The Law Commission Issues Paper (NZLC IP 24, June 2011) questions on the legal powers in, and the dispute resolution provisions of, not-for-profit entities’ constitutions raise issues well beyond anything contemplated by the Incorporated Societies Act or the Charitable Trusts Act. They are, however, extremely important questions because they touch on issues with which lawyers advising societies and trusts commonly have to grapple. The lack of legislative clarity or guidance is frustrating when constitutions are often inadequate.
Question 29: Should the new Act grant incorporated societies the powers and privileges of a natural person, in the same way as is done in the Companies Act?
Question 30: Do you agree that the new statute should limit the ultra vires doctrine, and if so, how? Which model is preferred, the Companies Act one, or the New South Wales’ one?
Chapter 4 of the Issues Paper reviews the inherent problems in applying the ultra vires (excess of powers) law that had its origins in pre-1993 company law, and Question 29 seeks a response to those problems.
The Companies Act model may suit commercial entities, but is not so obviously appropriate for not-for-profits, so my first reaction to Question 29 was an emphatic “no.” On reflection, I’m not so sure that my initial response is right. My experience of some organisations (especially charities) is that their purposes and mission tend to develop over time, whereas a sports club associated with a particular sport may be less likely to extend its operations (but a club established for a particular sport might want to extend its operations to establish and run a gym or fitness classes).
The point of Question 30 is to ascertain whether to apply the blanket approach adopted in the Companies Act 1993, or the more limited approach in New South Wales which gives third parties the benefit of being able to assume that an entity’s constitution permits the transaction unless the third party has contrary knowledge. That is my current preference.
Question 31: Do you agree that the Victorian model should be adopted, which gives wide powers to the court to make orders, plus the ability to decline to make an order on the grounds that the application was trivial, or the matter could have been more reasonably resolved in other ways?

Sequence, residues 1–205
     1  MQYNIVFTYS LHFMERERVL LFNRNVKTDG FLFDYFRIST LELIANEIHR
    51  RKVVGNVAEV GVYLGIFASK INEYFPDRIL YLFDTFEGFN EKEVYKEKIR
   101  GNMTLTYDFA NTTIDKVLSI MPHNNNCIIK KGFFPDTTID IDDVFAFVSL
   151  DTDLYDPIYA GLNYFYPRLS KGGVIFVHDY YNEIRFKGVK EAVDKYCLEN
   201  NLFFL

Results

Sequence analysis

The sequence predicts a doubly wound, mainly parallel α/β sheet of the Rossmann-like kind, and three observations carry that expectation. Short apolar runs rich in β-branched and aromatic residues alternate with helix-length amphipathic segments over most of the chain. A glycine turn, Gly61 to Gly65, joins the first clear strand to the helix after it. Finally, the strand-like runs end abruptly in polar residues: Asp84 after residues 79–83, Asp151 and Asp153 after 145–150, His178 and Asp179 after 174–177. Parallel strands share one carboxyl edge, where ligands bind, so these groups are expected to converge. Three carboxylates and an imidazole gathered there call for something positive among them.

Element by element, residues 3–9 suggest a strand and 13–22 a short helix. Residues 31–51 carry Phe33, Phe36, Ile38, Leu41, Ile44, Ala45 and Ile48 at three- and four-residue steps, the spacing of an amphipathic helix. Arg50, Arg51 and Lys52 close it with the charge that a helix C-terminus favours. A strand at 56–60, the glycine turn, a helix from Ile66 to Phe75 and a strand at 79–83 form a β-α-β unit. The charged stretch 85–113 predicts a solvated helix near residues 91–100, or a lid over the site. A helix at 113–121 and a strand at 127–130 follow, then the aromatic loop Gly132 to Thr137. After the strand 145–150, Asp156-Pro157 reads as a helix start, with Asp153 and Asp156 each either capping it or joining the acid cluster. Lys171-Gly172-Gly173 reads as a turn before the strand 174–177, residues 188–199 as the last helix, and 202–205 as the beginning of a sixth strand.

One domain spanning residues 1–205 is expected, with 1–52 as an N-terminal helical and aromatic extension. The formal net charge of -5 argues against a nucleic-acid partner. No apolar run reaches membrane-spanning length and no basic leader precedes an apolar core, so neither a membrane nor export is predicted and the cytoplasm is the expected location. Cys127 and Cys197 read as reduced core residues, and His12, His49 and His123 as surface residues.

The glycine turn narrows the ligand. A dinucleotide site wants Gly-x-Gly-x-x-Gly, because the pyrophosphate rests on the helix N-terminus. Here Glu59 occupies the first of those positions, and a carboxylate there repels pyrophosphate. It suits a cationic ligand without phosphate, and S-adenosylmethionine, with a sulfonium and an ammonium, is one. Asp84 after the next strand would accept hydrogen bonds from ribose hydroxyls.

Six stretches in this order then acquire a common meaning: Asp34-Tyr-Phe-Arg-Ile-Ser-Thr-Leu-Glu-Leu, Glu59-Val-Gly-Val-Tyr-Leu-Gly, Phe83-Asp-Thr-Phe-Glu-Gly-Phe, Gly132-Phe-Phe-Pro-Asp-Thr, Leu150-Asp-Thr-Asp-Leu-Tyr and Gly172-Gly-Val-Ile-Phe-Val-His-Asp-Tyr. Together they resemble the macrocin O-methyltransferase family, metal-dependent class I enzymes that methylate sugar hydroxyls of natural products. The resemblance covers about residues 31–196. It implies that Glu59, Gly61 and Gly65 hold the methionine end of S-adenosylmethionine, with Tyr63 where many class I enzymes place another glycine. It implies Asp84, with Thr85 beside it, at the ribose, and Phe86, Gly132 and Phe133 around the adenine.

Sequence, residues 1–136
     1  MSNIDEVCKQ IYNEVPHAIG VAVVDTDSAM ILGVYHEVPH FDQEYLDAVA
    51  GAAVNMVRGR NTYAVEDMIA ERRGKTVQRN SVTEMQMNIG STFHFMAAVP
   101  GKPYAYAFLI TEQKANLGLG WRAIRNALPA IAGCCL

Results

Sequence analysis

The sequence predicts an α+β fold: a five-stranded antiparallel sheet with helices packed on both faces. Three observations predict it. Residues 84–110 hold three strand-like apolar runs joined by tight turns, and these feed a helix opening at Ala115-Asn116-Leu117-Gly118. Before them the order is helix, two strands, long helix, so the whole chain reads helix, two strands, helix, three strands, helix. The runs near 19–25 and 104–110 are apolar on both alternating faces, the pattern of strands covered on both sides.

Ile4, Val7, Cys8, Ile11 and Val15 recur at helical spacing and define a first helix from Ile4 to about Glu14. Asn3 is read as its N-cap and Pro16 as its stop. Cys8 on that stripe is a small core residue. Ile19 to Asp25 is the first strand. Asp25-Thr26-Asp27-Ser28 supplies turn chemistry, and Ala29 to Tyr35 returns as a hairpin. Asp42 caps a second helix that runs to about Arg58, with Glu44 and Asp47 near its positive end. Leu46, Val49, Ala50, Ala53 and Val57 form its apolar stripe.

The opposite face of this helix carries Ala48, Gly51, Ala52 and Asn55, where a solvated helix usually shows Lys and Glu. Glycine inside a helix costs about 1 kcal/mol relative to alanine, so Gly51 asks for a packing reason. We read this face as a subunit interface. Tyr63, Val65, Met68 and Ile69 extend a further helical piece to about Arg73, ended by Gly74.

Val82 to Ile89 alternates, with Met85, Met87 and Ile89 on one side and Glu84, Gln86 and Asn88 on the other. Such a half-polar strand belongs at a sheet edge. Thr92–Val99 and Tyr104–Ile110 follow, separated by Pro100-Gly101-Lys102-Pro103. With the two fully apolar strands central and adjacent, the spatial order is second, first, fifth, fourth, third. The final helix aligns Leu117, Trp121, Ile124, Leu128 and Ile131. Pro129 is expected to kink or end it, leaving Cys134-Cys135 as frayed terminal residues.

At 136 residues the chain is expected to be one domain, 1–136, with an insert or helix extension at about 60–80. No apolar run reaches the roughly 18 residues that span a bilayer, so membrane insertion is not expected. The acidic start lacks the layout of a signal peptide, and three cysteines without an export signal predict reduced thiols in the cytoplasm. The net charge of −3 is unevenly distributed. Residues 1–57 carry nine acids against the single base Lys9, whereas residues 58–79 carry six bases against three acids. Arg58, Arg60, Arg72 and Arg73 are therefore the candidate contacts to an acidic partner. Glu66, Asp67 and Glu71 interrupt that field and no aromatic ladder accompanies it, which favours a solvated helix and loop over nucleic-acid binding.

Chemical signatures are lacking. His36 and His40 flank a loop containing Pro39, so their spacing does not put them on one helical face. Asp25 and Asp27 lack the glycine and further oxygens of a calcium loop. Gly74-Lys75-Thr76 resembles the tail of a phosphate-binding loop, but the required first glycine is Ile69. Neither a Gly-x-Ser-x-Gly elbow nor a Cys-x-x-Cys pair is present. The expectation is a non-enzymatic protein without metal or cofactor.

At present none of the statutes assist in resolving disputes between members of a society with other members or the society itself. Decided cases indicate different judicial approaches to the legal relationships involved, and the remedies available may depend on the way cases are pleaded. Chapter 5 of the Issues Paper highlights the resulting confusion, and discusses ways Australian and Canadian legislatures have sought to reform the law. The recommended Victorian approach is highly discretionary (which seems sensible), but it depends on the experience of the Court exercising the discretion. The decline in civil litigation in the District Court would mean that few District Court Judges would have the background experience to deal with such cases, and that may influence the answer to the question.
Question 32: Do you agree that the Act should provide for disciplinary procedures to be kept separate from those designed to resolve disputes between members, with members being prevented from taking a grievance procedure until any disciplinary procedures have been concluded?
Essentially, this question suggests that internal remedies should be exhausted first before seeking external intervention, and that seems sensible to me.
Question 33: Should there be any limits on the types of cases with which a court can deal? If so, what types, and why?
In some jurisdictions the Courts cannot intervene where the organisation’s decisions deals with tenets of religious faith (and Courts have usually been very reluctant to adjudicate on such disputes. The Commission raises the potential for extending this prohibition to cover cultural questions, and raises the possibility that issues involving Māori organisations might best be referred to the Māori Land Court.
Question 34: Should the new legislation include provision for derivative actions by society members, similar to section 165 of the Companies Act?
This type of action would enable members to challenge the governance and management decisions of executive committees and officers. While that may be appropriate in the corporate world, I question whether that type of sledgehammer is required to crack walnuts in community organisations.
Question 35: Do you agree that a general remedial power should be given to the court to do what is “just and equitable”?
Whether to exercise remedial powers on judicial review is ultimately a question of discretion, and in many societal and trust disputes I believe a Court should be able to do what is broadly just and equitable.
Question 36: Have the current provisions about branches created any problems, and how might the provisions be altered to avoid those problems?
Question 37: Is there still a need for branch societies?
My own view is that the law does not need to provide explicitly for branch societies. Where there needs to be some relationship between societies it is best crafted to meet the particular needs of the organisations; either by careful drafting of the inter-related rules or by contract. The Incorporated Societies Amendment Act 1920 provisions for branches is grossly defective when problems arise, and there is no “one size fits all” approach that will cover all the different permutations that arise.
Time is running out
If you have views on the questions posed in the Law Commission Issues Paper (NZLC IP 24) time is running out. You need to make your submissions by 30 September 2011 (by sending them to Geoff McLay, Commissioner, New Zealand Law Commission, PO Box 2590, Wellington 6011, DX SP 23534, or by email to firstname.lastname@example.org).).